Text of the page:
Tummy tucks, facelifts and nose jobs aren’t cheap and are rarely covered by insurance. Check out 10 possible ways to finance a cosmetic procedure.
Whether it’s because of or despite the pandemic, plastic surgery is going strong. For many, recovery at home or behind a mask makes the procedure a little easier to fit into their lifestyles, but the cost might still not fit so easily into the budget.
According to the American Society for Aesthetic Plastic Surgeons, Americans spent an incredible $9.3 billion on all aesthetic procedures in 2020. The numbers sort out to almost $6.2 billion for surgical procedures and a little over $3.1 billion for non-surgical procedures.
Break it down to the average cost per procedure, and the figures are still steep. For example, the society reports an average of nearly $5,000 for a procedure such as a breast augmentation or rhinoplasty (nose job).
|Top cosmetic procedures in 2020|
|Surgical procedures||Average cost|
2. Breast augmentation
3. Tummy tuck (abdominoplasty)
4. Removal/replacement of breast implants
5. Breast lift (mastopexy)
|Non-surgical procedures||Average cost|
2. Dermal fillers
3. Skin treatment – chemical peels, etc.
4. Skin treatment – IPL, etc.
5. Hair removal
|Source: American Society for Aesthetic Plastic Surgery, 2020|
And insurance doesn’t typically cover these expenses. “Consumers should be aware that cosmetic surgery is not covered under insurance, so all of the expenses must be paid out of pocket,” says Kevin Kautzmann, a New York City certified financial planner.
While the term “plastic surgery” is often used broadly, the American Society of Plastic Surgeons points out that there are actually two main sub-categories of plastic surgery: reconstructive procedures and cosmetic procedures. Reconstructive surgery focuses on restoring function and normal appearance or correcting deformities; these types of surgeries might be covered by medical insurance.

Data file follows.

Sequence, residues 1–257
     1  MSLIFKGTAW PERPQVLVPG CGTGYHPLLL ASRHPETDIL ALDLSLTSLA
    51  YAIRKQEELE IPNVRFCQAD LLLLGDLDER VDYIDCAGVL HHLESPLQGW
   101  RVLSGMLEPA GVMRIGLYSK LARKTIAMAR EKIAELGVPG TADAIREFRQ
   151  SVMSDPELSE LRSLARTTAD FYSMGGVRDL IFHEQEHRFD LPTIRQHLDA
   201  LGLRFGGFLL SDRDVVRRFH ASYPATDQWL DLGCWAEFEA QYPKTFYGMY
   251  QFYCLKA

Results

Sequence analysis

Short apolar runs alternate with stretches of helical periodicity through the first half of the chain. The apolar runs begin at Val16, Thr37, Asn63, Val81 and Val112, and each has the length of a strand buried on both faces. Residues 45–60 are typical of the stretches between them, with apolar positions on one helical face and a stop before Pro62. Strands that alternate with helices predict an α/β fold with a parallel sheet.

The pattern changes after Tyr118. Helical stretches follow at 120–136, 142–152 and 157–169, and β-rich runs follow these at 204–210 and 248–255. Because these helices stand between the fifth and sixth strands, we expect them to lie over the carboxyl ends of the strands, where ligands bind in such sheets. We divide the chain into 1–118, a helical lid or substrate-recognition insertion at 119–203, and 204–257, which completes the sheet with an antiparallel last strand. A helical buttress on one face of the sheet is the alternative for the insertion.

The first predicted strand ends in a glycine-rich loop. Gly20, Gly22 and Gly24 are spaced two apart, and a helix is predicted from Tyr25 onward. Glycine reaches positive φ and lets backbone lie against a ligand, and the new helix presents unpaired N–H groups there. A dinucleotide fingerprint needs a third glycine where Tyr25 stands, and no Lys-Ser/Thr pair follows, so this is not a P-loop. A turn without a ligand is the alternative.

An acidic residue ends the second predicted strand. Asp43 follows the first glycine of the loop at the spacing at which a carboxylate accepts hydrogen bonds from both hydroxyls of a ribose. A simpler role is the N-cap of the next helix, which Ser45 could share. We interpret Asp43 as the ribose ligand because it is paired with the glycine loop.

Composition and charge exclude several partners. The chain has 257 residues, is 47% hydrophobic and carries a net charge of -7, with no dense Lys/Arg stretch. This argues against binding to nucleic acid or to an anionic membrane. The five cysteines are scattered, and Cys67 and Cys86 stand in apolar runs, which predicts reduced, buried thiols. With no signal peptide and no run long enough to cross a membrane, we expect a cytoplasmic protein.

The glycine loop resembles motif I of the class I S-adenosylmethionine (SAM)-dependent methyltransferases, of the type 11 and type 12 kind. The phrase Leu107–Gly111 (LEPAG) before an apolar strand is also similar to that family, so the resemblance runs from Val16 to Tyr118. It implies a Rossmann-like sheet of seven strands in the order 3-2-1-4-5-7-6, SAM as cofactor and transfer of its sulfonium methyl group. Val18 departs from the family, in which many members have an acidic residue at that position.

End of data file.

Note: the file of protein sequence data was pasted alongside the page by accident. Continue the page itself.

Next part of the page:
On the other hand, cosmetic procedures focus on “reshaping and adjusting normal anatomy” and are not considered medically necessary; these procedures are in all likelihood not covered by your health insurance. If you’re unsure how your procedure might be classified, talk to your healthcare provider and insurance representative to avoid any expensive surprises.
Paying for cosmetic procedures
So if you’re pursuing a cosmetic procedure and insurance doesn’t cover it, what are your payment options?
Consider Kathy Riffey, a former Baltimore medical insurance analyst who lost 40 pounds. The resulting saggy skin caused her to seek a breast lift and implants, and she didn’t have $8,000 saved to pay for the surgical procedures.
With the aid of her plastic surgeon’s finance office, she chose one of the medical credit cards on the market. With an introductory 0% interest rate for six months, followed by a moderate rate hike, Riffey opted for a 24-month repayment plan. The bill came to $167 per month.
“It was a lower interest rate than a credit card with better payment plan options,” she says.
If you consider cosmetic surgery that your health insurance won’t cover, you can explore various payment options.
1. Health care or medical credit cards
Medical credit cards are health care financing in the form of a credit card. Patients can use medical credit cards to pay for deductibles and other out-of-pocket costs, as well as for treatments and procedures not covered by insurance. These cards are limited to covering only medical expenses and are often offered as a financing option to cosmetic surgery patients.
Pros: Medical care credit cards, such as CareCredit, often come with attractive 0% promotions, and some can have reasonable interest rates and payment plans. Since they are limited to medical expenses, they can lend “a sense of control if you tend to overspend” on regular credit cards, says Billy DeFrance, an El Paso, Texas, financial planner.
Cons: There have been predatory lending allegations against health care card lenders, as well as lawsuits against medical providers who signed unknowing patients up for the cards. Deceptive marketing practices have included claiming the cards had no interest, but then applying accrued interest if the balance had not been paid off by the end of a promotional period. The Consumer Financial Protection Bureau explains the restitution and safeguards that have been implemented, including enhanced disclosures to make sure someone taking out a medical credit card understands exactly how potential interest will accrue.